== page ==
Stats prove rugby rules work
Cape Town – Over the past five years, rugby has been subjected to many experimental rules and rule interpretations, but finally rugby bosses worldwide feel the end goal is in sight.
South African Rugby Union (SARU) refereeing manager André Watson told Sport24 on Thursday he thought 2010 had "seen rugby at its healthiest yet".
He attributed this largely to the stricter application of rules regarding the "Big 5 focus areas", which were identified toward the end of last year by the International Rugby Board (IRB).
The most visible focus areas identified were how tackles and the engagement at scrums are managed by referees.
"This year there was a shift of emphasis in the application of certain rules. As a result, more attractive and better rugby was seen. And the statistics prove it," said Watson.
He referred to:
- A 6% increase in tries
- A 15% decrease in penalty and free kicks
- A 16% decrease in kicks in general play
- A 24% decrease in reset scrums
- A 20% decrease in penalty kicks at rucks developed after tackles
"The last statistic is especially interesting because referees were stricter on defenders and yet they are the ones who are being punished less this year," said Watson.
"On the whole, spectators, players and referees can feel that this kind of rugby is closer to what they want."
At the IRB's high performance meeting in London this week, these points were discussed and "continued consistency" in the worldwide application of the focus areas was emphasised.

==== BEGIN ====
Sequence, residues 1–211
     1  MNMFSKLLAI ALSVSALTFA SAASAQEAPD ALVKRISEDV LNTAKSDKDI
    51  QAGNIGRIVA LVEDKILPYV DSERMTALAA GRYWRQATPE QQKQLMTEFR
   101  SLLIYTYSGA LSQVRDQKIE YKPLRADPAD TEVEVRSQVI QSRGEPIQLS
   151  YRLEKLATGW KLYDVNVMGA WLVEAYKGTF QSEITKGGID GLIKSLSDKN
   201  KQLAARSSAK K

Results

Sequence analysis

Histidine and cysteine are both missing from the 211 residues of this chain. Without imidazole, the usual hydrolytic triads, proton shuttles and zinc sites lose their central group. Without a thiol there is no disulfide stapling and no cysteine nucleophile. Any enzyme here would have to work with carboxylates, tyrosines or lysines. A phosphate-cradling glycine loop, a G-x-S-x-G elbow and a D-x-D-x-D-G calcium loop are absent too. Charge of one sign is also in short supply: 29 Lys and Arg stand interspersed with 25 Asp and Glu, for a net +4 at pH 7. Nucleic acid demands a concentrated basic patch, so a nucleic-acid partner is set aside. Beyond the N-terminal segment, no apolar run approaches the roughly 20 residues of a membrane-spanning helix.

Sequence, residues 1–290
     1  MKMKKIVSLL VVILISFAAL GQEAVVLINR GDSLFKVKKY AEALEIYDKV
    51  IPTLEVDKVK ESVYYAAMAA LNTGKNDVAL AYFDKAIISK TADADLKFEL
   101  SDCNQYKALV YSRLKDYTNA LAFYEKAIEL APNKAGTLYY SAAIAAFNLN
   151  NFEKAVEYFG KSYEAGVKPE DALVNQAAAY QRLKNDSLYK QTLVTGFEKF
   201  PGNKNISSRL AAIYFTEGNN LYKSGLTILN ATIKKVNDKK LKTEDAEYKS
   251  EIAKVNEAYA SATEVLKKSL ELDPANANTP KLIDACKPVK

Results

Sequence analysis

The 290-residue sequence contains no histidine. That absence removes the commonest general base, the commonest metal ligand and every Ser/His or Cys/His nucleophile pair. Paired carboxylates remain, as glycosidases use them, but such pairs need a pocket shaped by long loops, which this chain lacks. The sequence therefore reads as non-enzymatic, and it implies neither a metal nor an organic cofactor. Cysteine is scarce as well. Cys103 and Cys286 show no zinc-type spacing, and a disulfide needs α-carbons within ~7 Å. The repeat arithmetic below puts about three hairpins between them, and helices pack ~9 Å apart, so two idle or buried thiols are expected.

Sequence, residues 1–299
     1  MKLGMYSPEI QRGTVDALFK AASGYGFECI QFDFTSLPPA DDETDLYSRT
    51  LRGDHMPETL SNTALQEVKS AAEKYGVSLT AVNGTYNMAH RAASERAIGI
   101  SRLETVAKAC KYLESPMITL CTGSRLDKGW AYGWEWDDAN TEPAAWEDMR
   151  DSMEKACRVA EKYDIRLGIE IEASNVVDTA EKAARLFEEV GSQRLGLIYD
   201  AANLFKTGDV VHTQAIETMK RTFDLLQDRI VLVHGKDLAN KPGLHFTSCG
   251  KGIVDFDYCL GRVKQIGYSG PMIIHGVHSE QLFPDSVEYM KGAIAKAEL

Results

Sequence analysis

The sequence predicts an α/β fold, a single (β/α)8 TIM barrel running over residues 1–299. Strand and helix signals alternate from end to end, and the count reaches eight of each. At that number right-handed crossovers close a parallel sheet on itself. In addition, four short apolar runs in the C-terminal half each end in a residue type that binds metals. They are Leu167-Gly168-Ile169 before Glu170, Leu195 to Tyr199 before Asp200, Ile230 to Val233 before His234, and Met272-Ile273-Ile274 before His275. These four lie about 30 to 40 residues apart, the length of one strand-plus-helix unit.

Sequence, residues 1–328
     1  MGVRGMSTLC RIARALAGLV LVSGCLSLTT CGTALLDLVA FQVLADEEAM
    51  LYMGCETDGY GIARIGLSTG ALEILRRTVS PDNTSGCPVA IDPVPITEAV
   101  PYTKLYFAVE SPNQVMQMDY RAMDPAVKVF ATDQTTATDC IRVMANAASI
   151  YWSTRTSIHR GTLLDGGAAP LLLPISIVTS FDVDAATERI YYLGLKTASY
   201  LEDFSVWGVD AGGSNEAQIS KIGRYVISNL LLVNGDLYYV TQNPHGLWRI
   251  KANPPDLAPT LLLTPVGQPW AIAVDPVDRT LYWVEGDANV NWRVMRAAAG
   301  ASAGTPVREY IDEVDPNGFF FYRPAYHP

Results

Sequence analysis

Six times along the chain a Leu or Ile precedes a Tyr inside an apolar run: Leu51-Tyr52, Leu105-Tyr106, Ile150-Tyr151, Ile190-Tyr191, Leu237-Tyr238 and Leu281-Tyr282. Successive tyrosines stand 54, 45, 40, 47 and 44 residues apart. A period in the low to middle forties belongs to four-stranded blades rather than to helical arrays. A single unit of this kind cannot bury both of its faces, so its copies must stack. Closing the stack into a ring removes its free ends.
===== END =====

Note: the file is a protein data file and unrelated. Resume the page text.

The IRB apparently wants to stop different approaches being used by referees from the Northern and Southern Hemispheres.
"I have been involved with this international conference for 14 years and have never sensed a determination to blow any differently from the men up North," said Watson.
"Rugby there is played differently, but not refereed differently. The difference in play will mean that their referees are stricter on certain points and less so on others. The rules and the application thereof, however, remain the same."
He believes there has been - with less than a year before the Rugby World Cup in New Zealand - a "decrease in grey areas".
"There will always be grey areas. But this year a highway with five lanes, which represent grey areas, was decreased to two lanes.
Everything isn't 100% but we are already seeing more space and tries. That's after all, what we want," said Watson.